hiss (plural hisses)
- A sibilant sound, such as that made by a snake or escaping steam; an unvoiced fricative.
- 1591 (date written), William Shakespeare, “The Second Part of Henry the Sixt, […]”, in Mr. William Shakespeares Comedies, Histories, & Tragedies. […] (First Folio), London: […] Isaac Iaggard, and Ed[ward] Blount, published 1623, →OCLC, [Act III, scene ii]:
- Their music frightful as the serpent’s hiss,
And boding screech-owls make the concert full!
- 1717, John Dryden [et al.], “Book 13. [The Story of Acis, Polyphemus and Galatea.]”, in Ovid’s Metamorphoses in Fifteen Books. […], London: […] Jacob Tonson, […], →OCLC:
- A hundred Reeds, of a prodigious Growth,
Scarce made a Pipe, proportion’d to his Mouth:
Which, when he gave it Wind, the Rocks around,
And watry Plains, the dreadful Hiss resound.
- An expression of disapproval made using such a sound.
- 1563 March 30, John Foxe, Actes and Monuments of These Latter and Perillous Dayes, […], London: […] Iohn Day, […], →OCLC, book V, Part 2, The Oration of Byshop Brookes in closing vp this examination agaynst Doctour Cranmer Archbishop of Caunterbury,, page :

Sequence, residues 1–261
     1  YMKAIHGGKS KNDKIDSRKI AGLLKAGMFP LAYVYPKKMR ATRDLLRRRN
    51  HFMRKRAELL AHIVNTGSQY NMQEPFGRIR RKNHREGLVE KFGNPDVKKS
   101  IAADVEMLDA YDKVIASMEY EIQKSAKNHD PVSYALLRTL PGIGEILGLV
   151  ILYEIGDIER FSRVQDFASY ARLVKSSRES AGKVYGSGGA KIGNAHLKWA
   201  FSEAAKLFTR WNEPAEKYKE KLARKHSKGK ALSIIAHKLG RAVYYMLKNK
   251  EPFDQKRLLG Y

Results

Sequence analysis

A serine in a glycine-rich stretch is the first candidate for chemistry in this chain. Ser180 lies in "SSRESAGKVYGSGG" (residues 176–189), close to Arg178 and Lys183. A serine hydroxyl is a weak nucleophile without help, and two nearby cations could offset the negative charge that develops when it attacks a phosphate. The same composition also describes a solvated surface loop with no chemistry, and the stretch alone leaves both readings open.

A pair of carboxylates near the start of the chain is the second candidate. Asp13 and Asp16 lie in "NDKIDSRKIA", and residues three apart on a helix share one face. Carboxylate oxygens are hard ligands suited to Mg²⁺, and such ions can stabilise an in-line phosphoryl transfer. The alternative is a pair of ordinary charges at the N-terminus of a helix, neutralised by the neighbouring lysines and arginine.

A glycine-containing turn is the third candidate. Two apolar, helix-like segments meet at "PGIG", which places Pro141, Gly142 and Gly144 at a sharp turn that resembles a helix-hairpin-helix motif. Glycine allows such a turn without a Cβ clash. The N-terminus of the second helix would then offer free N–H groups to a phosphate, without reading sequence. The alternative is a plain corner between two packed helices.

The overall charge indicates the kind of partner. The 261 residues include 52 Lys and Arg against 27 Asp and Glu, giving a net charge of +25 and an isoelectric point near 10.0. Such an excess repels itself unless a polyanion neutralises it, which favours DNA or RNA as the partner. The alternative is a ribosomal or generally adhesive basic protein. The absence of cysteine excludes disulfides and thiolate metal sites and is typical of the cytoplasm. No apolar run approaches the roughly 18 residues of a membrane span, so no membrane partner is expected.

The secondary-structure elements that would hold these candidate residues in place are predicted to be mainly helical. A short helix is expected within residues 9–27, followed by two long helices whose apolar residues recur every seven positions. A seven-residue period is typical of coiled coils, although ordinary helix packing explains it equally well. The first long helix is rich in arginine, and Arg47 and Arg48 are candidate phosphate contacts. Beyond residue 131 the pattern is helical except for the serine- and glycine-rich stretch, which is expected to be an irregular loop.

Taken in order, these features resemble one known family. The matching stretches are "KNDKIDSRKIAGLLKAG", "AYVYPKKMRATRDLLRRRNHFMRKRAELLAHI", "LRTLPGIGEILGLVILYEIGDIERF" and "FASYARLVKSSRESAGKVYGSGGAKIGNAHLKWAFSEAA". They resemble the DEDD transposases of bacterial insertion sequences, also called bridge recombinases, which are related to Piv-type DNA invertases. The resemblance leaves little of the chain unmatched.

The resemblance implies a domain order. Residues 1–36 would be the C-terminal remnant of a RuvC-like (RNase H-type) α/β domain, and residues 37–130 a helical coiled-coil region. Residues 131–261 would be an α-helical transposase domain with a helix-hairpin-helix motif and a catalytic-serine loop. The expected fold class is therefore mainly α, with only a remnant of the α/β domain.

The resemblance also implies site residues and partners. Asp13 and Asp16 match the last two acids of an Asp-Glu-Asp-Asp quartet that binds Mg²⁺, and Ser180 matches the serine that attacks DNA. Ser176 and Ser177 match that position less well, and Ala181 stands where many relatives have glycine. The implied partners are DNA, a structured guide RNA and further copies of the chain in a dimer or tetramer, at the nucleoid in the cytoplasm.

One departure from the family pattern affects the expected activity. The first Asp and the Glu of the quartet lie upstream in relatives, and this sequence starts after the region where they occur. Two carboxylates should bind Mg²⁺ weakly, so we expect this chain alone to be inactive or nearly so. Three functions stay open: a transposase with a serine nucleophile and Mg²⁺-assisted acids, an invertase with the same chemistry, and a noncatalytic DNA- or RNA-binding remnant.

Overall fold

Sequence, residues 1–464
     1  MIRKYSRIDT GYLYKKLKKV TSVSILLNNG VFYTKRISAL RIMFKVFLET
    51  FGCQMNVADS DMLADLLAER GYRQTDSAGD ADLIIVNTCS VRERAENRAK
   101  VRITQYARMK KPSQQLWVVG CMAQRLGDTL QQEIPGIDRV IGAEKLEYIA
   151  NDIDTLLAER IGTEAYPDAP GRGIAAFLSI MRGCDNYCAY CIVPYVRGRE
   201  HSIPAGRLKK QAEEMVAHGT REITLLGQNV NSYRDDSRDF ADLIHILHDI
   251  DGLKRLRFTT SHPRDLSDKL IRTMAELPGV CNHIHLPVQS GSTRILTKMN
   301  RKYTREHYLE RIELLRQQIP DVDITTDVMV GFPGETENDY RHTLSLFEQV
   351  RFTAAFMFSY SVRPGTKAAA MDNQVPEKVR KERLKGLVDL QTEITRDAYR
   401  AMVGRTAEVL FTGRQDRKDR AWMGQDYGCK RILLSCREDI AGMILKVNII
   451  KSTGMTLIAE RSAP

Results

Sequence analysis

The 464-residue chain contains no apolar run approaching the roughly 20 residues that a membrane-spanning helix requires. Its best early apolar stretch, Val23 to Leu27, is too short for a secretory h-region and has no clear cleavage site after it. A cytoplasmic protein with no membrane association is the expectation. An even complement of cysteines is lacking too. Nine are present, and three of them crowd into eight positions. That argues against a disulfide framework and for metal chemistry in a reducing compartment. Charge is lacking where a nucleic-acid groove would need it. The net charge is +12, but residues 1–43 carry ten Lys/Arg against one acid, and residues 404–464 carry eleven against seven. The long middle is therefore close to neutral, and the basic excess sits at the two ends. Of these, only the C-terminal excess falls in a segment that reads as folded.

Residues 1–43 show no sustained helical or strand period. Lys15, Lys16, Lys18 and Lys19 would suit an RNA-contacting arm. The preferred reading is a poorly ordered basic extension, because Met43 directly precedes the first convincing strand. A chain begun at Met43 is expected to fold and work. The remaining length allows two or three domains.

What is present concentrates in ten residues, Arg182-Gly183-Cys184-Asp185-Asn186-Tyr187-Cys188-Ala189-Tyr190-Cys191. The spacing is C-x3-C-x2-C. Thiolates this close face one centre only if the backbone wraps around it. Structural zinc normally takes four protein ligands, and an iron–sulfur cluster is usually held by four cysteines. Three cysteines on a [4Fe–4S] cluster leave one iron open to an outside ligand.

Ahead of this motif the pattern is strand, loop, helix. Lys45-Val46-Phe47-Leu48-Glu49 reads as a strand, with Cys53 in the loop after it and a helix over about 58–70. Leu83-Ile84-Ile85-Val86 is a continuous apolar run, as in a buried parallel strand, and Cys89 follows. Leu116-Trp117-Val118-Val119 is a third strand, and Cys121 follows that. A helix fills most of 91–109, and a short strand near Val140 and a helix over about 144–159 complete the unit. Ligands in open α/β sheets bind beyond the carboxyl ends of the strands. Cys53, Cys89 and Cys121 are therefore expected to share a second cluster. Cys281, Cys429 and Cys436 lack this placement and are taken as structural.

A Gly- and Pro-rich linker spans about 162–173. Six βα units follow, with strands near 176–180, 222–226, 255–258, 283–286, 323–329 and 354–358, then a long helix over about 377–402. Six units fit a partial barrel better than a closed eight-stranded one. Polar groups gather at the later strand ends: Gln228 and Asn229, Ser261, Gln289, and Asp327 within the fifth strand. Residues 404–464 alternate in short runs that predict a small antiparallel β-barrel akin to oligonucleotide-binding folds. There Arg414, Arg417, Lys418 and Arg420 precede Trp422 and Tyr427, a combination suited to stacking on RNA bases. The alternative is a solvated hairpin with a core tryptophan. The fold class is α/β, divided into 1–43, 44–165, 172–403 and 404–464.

- […] in open disputations ye haue bene openly conuict, ye haue bene openly driuen out of the schole with hisses […]
- 1716, Joseph Addison, The Free-Holder, 16 April, 1716, London: D. Midwinter and J. Tonson, pp. 203-204,
- The Actors, in the midst of an innocent old Play, are often startled with unexpected Claps or Hisses; and do not know whether they have been talking like good Subjects, or have spoken Treason.